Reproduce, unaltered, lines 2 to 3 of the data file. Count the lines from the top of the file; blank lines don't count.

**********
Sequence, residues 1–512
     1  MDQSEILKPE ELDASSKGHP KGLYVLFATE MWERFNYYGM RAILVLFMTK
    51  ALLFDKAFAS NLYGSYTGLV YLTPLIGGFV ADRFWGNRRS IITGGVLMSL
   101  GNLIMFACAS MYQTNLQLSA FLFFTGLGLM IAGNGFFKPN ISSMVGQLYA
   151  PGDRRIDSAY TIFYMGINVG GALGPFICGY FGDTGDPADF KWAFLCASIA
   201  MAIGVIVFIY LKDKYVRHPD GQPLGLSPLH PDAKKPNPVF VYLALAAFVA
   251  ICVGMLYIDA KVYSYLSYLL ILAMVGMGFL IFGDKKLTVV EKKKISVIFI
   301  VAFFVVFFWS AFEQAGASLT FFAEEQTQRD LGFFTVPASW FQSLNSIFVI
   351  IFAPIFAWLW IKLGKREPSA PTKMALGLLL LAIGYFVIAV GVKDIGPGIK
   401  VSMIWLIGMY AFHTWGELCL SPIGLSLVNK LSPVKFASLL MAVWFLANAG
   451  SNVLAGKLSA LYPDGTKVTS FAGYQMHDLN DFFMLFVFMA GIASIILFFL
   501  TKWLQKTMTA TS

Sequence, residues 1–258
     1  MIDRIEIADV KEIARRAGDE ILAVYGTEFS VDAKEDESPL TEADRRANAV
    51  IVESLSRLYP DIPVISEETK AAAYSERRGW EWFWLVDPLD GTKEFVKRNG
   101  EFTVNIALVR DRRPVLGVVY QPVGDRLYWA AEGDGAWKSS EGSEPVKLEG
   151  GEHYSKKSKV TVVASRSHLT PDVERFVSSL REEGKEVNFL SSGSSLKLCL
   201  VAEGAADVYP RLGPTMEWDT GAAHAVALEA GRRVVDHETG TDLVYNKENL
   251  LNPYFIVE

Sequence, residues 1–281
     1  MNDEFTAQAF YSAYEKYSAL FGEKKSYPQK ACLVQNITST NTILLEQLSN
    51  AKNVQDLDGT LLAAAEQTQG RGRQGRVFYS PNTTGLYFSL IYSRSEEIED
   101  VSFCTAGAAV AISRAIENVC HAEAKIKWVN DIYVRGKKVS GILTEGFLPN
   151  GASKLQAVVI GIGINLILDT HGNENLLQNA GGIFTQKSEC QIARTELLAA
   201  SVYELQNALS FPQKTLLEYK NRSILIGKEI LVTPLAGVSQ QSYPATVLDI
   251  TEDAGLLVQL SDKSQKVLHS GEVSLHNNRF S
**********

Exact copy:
     1  MDQSEILKPE ELDASSKGHP KGLYVLFATE MWERFNYYGM RAILVLFMTK
    51  ALLFDKAFAS NLYGSYTGLV YLTPLIGGFV ADRFWGNRRS IITGGVLMSL